Philippines’ Labor Secretary Silvestre Bello III has announced on Friday (Nov 10) that the government will be suspending the processing and issuance of Overseas Employment Certificates (OECs) for Filipinos looking to work overseas.
The suspension will take effect from November 13 to December 1 of this year.
However, there are some exceptions. Workers who are hired by international organizations, diplomats, and governments, and those returning from ‘home leave” will not be affected. Additionally, seafarers engaged by agencies will also be exempted.
This suspension is in response to an ongoing investigation surrounding “persistent reports of illegal recruitment activities”.
According to Secretary Bello, “80 to 90 per cent of direct hires are victims of illegal recruitment” and that those who misuse their authority in the Philippine Overseas Employment Administration (POEA) can earn up to “a quarter of a million [pesos] for the issuance of OECs”; this translates to about SGD $17,800.
For Singapore, families looking to employ a domestic helper may therefore be amongst those who are most affected.
Said helpers who are en route to Singapore whilst awaiting their OECs have also been reportedly stranded at airports.
According to Mr Low Moon Heng, director of Passion Employment Agency, he told the Straits Times that currently, seven of his Singapore-bound workers are left in limbo in Manila.
To combat the situation, the Association of Employment Agencies (Singapore) have filed appeals on behalf of Filipinos who have successfully completed all prior stages of the application and “are just waiting for the final green light to leave”.
At present, there are more than 180,000 Filipino workers in Singapore and their job responsibilities are not limited to that of domestic work. Some are IT professionals and nurses, and they are too, facing similar permit woes.
Illegal recruiters and other issues
While the Philippine government has pledged to use the suspension as a way to weed out illegal activities within the POEA, it has been made apparent that Filipino workers will face a slew of problems throughout their work experience.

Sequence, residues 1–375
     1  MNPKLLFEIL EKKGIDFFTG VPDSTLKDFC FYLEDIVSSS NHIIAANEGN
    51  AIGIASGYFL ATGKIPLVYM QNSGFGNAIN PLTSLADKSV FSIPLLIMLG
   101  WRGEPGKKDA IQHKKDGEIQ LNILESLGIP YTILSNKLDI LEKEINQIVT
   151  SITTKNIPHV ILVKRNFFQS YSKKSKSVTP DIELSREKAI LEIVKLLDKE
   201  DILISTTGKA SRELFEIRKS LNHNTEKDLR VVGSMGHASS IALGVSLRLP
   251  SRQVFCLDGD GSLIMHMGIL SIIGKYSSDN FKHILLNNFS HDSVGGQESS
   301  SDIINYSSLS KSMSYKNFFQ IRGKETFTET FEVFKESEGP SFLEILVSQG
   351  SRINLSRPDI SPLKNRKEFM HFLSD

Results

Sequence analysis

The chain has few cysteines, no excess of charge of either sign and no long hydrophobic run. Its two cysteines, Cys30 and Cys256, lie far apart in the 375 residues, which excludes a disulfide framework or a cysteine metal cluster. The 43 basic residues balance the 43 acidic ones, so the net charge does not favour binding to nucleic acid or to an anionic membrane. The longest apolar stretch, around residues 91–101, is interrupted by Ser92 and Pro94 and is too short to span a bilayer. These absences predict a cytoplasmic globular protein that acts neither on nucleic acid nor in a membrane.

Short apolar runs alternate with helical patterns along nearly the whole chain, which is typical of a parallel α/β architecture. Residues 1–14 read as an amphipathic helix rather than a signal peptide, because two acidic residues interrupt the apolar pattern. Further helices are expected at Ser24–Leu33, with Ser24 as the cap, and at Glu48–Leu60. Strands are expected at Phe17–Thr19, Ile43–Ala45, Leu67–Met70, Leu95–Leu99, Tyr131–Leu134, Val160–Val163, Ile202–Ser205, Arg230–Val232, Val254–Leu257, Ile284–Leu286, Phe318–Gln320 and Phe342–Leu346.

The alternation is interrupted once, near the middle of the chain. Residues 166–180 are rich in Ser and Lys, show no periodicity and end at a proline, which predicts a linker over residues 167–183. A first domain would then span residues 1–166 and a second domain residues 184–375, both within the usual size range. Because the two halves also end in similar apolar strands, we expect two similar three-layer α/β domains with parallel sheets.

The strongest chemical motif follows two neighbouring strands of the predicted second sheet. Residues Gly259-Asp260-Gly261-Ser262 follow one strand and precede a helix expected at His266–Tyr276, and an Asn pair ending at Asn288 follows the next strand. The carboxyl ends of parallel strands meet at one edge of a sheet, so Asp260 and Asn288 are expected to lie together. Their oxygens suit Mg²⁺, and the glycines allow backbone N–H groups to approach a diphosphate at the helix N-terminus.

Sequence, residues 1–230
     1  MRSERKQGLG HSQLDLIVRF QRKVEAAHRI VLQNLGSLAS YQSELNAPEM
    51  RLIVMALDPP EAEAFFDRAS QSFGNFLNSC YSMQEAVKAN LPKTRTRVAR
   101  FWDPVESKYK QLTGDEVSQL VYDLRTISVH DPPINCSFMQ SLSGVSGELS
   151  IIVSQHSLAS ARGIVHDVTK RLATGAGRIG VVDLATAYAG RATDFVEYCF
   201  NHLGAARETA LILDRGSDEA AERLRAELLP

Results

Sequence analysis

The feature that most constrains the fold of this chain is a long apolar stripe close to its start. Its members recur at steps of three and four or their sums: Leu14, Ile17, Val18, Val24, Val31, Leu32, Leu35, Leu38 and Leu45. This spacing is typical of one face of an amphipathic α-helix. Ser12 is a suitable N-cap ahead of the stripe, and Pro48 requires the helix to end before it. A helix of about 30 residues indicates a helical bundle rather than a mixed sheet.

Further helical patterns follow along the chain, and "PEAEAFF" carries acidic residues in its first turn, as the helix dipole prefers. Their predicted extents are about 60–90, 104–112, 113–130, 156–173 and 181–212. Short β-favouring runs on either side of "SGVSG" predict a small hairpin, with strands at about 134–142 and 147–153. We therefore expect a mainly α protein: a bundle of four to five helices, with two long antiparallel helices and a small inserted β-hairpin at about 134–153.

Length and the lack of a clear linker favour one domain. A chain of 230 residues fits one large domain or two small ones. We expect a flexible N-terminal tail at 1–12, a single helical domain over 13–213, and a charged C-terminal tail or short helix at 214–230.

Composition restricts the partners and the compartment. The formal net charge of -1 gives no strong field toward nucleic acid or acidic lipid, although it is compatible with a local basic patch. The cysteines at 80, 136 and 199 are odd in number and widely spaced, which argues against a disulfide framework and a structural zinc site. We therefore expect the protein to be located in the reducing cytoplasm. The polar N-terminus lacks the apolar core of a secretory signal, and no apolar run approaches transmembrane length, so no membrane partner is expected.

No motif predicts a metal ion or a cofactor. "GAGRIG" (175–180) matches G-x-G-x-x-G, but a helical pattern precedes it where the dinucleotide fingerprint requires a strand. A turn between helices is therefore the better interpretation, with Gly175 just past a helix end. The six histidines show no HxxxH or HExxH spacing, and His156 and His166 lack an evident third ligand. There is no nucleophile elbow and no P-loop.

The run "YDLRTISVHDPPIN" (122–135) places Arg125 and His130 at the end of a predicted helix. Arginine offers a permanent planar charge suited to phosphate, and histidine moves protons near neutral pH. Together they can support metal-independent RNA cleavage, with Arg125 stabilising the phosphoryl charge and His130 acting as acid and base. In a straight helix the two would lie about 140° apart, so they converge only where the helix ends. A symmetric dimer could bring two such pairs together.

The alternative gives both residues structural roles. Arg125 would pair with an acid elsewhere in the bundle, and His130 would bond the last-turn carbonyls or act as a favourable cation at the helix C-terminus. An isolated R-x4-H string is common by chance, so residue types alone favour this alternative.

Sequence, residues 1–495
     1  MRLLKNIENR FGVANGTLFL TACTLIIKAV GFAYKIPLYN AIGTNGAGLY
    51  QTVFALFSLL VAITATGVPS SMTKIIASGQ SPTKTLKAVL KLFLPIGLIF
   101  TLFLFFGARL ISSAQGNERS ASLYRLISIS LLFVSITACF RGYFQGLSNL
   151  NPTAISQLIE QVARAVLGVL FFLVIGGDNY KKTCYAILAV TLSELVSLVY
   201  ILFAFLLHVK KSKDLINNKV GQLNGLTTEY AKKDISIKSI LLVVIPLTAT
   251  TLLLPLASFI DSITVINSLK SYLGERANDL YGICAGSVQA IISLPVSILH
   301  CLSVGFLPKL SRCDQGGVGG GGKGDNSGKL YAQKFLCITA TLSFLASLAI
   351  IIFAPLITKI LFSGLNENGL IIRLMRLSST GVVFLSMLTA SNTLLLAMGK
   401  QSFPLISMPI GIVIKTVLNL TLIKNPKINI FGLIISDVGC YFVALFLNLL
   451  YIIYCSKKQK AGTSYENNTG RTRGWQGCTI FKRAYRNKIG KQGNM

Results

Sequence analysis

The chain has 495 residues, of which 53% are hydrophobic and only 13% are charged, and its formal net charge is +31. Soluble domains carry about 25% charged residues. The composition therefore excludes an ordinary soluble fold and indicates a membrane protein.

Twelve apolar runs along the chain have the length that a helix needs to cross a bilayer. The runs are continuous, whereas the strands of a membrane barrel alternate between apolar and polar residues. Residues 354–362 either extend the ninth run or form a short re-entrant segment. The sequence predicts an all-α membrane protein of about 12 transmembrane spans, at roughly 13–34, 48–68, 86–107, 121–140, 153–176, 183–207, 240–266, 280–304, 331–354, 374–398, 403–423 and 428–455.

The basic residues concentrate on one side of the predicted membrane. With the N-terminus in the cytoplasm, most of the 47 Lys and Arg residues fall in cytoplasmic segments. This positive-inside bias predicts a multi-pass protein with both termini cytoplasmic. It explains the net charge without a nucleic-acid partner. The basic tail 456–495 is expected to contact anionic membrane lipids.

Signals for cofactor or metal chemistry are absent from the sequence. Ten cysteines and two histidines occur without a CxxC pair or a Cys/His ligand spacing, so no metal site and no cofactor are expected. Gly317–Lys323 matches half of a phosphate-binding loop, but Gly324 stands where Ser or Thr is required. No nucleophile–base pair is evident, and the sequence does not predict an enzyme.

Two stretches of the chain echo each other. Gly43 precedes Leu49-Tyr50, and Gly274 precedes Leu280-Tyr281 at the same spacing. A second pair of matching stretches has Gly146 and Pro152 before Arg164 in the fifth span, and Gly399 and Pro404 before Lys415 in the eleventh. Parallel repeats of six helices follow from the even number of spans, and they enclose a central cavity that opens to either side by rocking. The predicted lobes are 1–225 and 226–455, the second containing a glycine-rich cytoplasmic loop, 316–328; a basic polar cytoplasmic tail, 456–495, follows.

Besides dealing with shady recruiters, workers commonly face a lack of transparency in ‘employer’s fees’ charged by the agencies to them.
In other words, many had been reportedly hit with exorbitant fees that ate into multiple months of hard earned salaries; despite this, they were not thoroughly advised on what those fees covered.
This has prompted two migrant worker groups, the Centre for Domestic Employees (CDE) and Transient Workers Count Too (TWC2), to call for greater transparency in said charges and fees.
Their 2016 reports urged the Ministry of Manpower (MOM) to mandate agencies to individually list out expenses incurred during the recruitment process.
In doing so, foreign workers will develop a better understanding of their salary deductions.
Currently, salary deductions for foreign domestic workers will span around five months. According to TWC2, in 2015, the average worker will have to clear SGD $2,236 worth of recruitment expenses before the remuneration goes directly to them.
On top of this, another core issue plaguing the foreign worker community is poor mental health.
In a 2015 survey by Humanitarian Organization for Migration Economics (HOME), an alarming 24 per cent of foreign domestic workers displayed symptoms of depression and psychoticism, such as “low moods and self-esteem as well as loss of interest, pleasure and hope,” and even hallucinations.
The survey, which consisted of some 670 workers hailing from Indonesia, the Philippines and Myanmar, amongst other countries, further highlighted some troubling aspects of working life in Singapore.
Half of the survey’s respondents had shared that they were frequently yelled at and were exposed to name-calling, 40 per cent were not given a weekly off day and another 67 per cent had their passports held by employers.
More to be done
In response to a noteworthy abuse case involving a couple who had starved their helper to the point of severe malnutrition, the government has expressed a “zero-tolerance” stand on foreign worker abuse.
However, HOME’s then-executive director Jolovan Wham told TODAY that more needs to be done to address the issue – this is in regards to extended periods of verbal abuse that may lead to a deterioration in mental health, or any form of abuse for that matter.
He further added that workers seeking help for mental health-related issues would be sent to Silver Ribbon, a non-profit organization that “advocates against the stigma of mental illness”, and encourages early treatment.
However, in severe cases, the aforementioned worker may be directly referred to the Institute of Mental Health (IMH) for further evaluation.
HOME Helpline: +65 6341 5525 (Domestic workers) / +65 6341 5535 (Migrant workers)
To report a suspected offence, MOM contact: +65 6438 5122